I had a boss who once talked about “sending ideas out to the universe.” It’s poppycock, of course, if for no other reason than the universe doesn’t care. But that doesn’t mean it won’t work sometimes, I suppose. Yesterday, I tweeted this:
And this morning, the Twitter-verse unknowingly responded with this:
Which gave me–as only Twitter can–the ability to legally eavesdrop on three colleagues: John Lawlor, Deb Maue, and Chris Lydon. I know exactly what the conversation means: Measuring the quality of the educational products of a college by measuring the freshman class is like measuring how good a basketball team is by evaluating the average height of its players. It might work, on occasion, but that doesn’t mean it’s right. However, I responded to all three, suggesting that in fact graduation rates were inputs, in a weird sort of way.
That probably would have been the end of it, but it got connected to something I frequently see on my walk between Union Station and my office, about a mile each way. And it is especially common as it gets colder and people are eager to get indoors.
Here’s what happens: You’re standing at a corner with twenty other people waiting for the light to change, and someone notices no traffic coming, so they start to cross against the light. Others follow, even though the sign is clearly “Do Not Walk.” People come from the other direction, and, seeing the throngs of people crossing, assume the light says “Walk” and proceed to do so. But by this time, a car or truck or two has come barreling down the street, and I almost witness a pedestrian hit by a vehicle. What happened? It’s clear that the pedestrians have equated large groups of people crossing the street with a “Walk” sign. And usually, that signal is right; occasionally it’s not, and trouble ensues.
Thus, a blog post. And the end of Idea Block. And the head knocking resumes.
If we attempt to measure the value of an institution by its outputs (graduation rates) we are really just confusing signals, like pedestrians on Jackson Boulevard in Chicago on a cold morning. We’ve become so used to the mix up of inputs and outputs that we forget to look at the real signals; because in a way, inputs and outputs are the same things. Don’t believe me?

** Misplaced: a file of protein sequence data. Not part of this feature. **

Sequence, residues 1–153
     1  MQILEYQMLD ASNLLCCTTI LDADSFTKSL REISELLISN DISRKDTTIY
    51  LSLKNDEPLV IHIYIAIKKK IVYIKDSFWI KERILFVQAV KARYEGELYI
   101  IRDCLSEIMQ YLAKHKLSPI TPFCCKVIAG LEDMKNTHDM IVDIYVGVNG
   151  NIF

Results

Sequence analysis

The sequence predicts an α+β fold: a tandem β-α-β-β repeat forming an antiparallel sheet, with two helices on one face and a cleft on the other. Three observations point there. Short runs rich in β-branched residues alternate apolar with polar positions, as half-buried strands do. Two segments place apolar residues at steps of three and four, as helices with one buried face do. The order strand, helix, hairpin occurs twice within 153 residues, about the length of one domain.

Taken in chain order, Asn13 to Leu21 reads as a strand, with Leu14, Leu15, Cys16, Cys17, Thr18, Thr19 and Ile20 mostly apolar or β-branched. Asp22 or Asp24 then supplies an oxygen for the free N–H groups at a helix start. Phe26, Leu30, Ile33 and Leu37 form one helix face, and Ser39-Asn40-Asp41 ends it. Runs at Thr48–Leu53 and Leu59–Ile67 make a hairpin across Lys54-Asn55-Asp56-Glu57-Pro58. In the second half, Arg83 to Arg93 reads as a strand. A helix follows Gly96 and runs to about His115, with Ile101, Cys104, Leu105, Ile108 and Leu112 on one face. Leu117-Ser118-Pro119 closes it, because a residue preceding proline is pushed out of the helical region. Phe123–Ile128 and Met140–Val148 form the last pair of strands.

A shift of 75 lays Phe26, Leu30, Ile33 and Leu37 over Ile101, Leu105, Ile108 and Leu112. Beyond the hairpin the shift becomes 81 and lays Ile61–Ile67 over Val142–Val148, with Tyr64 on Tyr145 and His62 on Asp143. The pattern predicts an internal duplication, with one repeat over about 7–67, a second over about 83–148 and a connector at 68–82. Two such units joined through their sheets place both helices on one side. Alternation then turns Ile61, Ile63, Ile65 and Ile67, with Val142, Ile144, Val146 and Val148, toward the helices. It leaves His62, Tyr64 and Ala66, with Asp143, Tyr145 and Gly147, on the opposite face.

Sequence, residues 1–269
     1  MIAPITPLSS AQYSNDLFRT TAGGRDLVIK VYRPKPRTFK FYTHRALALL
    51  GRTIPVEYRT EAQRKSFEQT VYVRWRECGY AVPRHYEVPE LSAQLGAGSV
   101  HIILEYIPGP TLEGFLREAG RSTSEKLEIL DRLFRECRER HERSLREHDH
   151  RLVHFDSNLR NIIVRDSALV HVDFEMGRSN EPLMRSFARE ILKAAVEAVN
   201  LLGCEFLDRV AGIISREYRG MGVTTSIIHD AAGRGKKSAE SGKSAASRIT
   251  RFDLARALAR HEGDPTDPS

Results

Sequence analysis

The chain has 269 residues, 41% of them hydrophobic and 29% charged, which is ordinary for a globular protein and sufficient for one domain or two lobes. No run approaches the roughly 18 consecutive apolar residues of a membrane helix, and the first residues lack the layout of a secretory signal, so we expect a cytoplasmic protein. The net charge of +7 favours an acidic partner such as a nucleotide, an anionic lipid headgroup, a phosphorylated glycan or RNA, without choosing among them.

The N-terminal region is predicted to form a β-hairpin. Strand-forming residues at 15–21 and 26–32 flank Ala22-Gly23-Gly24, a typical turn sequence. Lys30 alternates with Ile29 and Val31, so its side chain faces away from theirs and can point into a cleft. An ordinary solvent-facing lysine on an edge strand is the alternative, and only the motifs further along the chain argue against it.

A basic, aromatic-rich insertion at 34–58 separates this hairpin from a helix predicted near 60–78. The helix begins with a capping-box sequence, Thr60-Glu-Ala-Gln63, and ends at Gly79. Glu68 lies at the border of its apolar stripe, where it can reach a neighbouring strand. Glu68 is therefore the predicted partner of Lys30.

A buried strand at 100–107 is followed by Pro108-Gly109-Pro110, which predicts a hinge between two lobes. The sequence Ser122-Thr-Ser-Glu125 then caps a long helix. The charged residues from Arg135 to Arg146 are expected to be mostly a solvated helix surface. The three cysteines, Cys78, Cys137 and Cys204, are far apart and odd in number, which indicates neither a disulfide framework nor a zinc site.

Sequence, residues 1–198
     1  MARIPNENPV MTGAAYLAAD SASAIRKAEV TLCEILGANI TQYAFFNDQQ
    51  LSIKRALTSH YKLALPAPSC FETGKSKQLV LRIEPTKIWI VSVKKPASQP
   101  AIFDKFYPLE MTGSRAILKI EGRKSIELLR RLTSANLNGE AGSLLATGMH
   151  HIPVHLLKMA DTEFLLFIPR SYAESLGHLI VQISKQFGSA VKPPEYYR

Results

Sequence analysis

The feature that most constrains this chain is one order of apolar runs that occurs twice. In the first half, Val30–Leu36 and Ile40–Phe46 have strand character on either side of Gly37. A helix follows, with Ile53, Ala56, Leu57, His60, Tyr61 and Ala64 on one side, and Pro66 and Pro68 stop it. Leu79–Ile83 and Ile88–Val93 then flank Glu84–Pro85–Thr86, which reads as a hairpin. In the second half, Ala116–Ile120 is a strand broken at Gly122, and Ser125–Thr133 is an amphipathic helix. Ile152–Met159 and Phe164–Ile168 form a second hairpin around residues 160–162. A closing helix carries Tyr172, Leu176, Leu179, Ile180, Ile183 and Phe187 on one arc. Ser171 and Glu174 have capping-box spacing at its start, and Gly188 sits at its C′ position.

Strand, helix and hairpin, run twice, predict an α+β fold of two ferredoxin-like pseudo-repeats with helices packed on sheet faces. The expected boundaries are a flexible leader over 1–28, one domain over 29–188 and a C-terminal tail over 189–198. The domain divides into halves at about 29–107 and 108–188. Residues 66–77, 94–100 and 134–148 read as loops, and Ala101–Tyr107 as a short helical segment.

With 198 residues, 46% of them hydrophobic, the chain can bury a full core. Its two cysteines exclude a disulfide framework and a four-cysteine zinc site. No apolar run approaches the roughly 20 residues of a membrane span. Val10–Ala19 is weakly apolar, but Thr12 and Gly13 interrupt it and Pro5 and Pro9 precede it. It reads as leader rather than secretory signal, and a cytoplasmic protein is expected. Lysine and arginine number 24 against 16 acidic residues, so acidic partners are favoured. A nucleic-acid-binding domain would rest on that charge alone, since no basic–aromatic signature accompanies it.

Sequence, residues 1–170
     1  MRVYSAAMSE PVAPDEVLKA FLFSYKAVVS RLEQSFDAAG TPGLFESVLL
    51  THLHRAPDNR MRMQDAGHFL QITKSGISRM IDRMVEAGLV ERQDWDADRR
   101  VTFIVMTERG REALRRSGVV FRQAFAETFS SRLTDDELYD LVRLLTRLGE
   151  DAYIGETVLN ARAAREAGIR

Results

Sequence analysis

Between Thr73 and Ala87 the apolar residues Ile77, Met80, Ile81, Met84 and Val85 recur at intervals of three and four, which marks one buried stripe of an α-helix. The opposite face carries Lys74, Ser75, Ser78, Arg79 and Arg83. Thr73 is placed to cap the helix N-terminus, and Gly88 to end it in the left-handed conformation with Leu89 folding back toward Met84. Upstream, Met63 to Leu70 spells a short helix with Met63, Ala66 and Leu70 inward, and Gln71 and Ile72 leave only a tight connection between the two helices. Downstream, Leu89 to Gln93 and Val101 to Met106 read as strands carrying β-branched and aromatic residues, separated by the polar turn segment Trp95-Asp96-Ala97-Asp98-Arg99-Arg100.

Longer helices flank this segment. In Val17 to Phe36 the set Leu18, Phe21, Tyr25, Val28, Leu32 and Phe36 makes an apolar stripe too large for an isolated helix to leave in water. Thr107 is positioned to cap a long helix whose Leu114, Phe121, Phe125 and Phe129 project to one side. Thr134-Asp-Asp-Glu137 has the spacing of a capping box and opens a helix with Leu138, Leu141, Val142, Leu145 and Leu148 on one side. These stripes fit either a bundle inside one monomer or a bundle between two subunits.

Take a look at this screen shot of IPEDS Data visualized. It shows test scores on the x-axis, and graduation rates on the y-axis. Note how they line up?
That alone would be enough to make the point, I think. But play with this visualization by clicking here. See if you can find any type of institution where it doesn’t hold: Urban, rural; any region; any religious affiliation; public or private. And notice two more things: The color of the dot (which represents a single institution) shows the percentage of freshmen with a Pell Grant. And the size of the dot shows the rejection rate: More selective institutions have bigger dots. Then, just for fun, filter to institutions that don’t’ rely on student tuition to manage the budget. Just pull the top slider down to 50%. See who’s left.
Then ask yourself: Is a high graduation rate a function of what goes on inside the institution? Or could it be a function of selectivity, test scores and family income (which are pretty much the same thing) and resources?
Would love to hear what you think.